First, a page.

The rag-tag group of Nick Anderson, Otis Smith, Terry Catledge, Jerry Reynolds and Scott Skiles endeared themselves with a lot of hard work and fast-paced play. Adding in veterans like Reggie Theus and Sam Vincent helped keep things level and provide some consistency in the lineup.

Of course, nobody expected much as far as wins and losses. It was just about the feeling of having professional basketball in Orlando.

The team is remembered more for its moments and firsts. The first NBA game in Orlando, an exhibition victory over the defending champion Pistons. The last-second victory over the Bulls (thank Otis Smith for that). Defeating the Lakers for the first time. There were plenty of losses that year, but the 18 wins really stood out. And the O-Rena was really rocking for the first time.

There is the stage, here is the poll. Who’s better?

Record, Results and Expectations

Both of these teams met their expectations. There is no doubt about that.

After a four year absence from the postseason, the 2007 team got itself back into the Playoffs, even if it was for just a brief cameo. After the way the 2006 team ended its year, maybe a bit more was expected.

The Magic finished 40-42 that year and earned the eight seed in the Eastern Conference. Orlando seemed to build off the success from the end of the year, heading into December with a 13-4 record. It felt like, at times, the Magic were going to be the surprise team in the East. But it was young and soon suffered several strings of losses to fall below .500. The team hovered around that mark for the rest of the season.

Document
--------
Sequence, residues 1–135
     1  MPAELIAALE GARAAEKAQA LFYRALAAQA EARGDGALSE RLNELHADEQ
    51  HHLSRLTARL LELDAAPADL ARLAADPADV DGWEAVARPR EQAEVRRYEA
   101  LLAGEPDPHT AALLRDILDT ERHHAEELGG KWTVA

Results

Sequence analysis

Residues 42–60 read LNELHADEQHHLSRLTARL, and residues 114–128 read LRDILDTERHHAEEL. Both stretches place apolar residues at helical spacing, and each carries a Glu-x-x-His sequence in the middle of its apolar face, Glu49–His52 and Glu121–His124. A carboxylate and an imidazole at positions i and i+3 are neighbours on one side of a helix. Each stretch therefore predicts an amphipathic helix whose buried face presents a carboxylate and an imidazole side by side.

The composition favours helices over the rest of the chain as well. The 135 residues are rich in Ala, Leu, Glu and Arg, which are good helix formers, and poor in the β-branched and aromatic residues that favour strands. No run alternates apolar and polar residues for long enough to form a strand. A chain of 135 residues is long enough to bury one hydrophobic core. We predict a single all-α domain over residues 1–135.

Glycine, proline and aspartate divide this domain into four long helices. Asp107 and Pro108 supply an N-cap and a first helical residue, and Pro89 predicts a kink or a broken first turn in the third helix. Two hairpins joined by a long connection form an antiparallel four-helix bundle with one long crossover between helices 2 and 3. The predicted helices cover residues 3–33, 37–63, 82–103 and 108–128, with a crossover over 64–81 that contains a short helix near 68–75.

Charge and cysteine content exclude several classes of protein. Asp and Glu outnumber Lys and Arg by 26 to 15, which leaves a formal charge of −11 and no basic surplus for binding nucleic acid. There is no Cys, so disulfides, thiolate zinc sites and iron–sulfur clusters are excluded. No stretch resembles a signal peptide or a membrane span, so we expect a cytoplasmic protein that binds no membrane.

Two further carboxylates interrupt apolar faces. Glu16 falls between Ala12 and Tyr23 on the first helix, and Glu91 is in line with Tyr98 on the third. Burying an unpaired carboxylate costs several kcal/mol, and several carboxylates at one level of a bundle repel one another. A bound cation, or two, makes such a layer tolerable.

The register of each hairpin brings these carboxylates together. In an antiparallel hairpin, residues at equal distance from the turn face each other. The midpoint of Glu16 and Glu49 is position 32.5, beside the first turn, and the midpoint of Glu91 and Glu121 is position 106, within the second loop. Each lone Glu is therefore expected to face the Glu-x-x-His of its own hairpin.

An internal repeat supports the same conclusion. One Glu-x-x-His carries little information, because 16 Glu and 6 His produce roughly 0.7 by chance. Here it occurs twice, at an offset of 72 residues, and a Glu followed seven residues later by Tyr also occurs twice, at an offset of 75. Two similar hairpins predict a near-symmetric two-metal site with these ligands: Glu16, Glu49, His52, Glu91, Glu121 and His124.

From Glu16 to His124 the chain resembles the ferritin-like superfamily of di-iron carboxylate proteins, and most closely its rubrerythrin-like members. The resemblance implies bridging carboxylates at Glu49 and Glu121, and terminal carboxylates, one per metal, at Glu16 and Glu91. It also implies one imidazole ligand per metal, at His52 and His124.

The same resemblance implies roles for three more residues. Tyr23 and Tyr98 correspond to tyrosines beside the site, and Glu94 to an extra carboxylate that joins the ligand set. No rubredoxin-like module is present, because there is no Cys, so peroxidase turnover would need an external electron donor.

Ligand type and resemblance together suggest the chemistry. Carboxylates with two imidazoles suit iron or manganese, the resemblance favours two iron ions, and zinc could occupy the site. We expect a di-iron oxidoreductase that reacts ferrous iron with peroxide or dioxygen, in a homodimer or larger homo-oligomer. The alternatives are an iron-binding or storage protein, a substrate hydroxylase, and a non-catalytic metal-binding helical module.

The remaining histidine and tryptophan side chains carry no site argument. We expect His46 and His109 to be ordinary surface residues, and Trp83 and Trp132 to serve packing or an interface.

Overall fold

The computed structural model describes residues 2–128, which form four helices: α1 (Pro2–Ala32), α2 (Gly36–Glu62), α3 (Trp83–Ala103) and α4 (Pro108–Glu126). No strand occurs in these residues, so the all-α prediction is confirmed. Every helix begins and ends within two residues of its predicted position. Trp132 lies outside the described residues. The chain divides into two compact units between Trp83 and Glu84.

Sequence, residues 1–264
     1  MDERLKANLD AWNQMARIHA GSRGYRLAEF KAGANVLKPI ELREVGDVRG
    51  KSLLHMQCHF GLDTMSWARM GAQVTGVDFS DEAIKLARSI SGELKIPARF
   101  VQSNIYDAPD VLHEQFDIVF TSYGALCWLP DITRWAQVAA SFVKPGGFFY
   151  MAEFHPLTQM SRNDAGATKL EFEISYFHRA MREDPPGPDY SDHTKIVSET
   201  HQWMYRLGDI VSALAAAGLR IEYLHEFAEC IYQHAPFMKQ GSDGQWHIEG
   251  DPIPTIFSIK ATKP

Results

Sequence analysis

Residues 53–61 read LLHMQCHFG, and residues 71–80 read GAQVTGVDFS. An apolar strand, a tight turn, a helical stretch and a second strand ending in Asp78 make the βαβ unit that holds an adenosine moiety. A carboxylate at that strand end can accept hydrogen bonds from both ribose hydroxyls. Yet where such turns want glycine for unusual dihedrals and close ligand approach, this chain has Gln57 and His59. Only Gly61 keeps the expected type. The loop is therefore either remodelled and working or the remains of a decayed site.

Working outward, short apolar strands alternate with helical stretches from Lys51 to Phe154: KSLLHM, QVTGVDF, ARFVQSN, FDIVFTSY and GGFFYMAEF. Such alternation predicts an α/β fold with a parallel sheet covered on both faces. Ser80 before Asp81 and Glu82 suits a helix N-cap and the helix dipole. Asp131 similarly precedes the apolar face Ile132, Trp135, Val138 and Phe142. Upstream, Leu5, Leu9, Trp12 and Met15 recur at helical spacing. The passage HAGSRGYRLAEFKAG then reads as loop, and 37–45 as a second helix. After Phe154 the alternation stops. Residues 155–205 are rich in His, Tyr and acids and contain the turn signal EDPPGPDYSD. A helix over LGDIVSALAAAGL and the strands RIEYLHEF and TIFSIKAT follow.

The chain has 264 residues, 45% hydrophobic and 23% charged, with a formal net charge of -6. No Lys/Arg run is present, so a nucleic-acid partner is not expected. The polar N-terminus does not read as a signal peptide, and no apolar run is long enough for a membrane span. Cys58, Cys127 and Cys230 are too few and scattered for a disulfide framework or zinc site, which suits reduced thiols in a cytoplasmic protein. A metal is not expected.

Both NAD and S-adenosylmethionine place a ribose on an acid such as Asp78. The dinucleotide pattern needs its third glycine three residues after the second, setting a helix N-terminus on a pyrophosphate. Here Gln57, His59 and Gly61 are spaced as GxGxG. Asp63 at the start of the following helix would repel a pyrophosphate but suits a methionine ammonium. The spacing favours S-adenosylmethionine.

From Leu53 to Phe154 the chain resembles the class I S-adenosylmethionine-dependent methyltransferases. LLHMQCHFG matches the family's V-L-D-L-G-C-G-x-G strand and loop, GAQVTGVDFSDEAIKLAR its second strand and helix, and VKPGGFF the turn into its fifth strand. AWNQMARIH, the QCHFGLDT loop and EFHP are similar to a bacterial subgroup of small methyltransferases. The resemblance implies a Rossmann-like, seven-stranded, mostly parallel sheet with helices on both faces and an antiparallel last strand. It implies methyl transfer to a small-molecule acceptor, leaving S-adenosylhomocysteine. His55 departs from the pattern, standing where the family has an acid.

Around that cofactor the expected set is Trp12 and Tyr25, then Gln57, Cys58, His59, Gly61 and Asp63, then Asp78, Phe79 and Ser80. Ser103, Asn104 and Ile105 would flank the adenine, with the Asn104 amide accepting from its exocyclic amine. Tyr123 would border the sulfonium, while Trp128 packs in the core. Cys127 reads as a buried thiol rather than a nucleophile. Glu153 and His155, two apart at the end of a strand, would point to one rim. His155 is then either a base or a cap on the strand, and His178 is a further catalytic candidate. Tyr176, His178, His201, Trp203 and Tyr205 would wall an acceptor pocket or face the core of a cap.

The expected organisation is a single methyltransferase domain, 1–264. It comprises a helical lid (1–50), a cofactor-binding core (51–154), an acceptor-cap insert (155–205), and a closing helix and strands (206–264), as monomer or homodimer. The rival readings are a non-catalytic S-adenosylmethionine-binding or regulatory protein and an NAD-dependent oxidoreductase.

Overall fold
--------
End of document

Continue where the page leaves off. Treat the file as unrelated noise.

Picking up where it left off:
Getting to the Playoffs was the goal and it was accomplished. Beggars were not going to be choosers after struggling through the last five years. It seemed like a long journey to get back after Tracy McGrady’s departure and the Steve Francis experiment.

Like I said before, the 1990 team was playing under almost no expectations. First, it was an expansion team so everyone realized how rare wins would be with a team full of mostly other teams’ castoffs. There are rarely expectations around these types of teams and the Magic did not receive a particularly high draft pick to get them started. Anderson was a good player, but not superstar quality. Especially straight out of Illinois.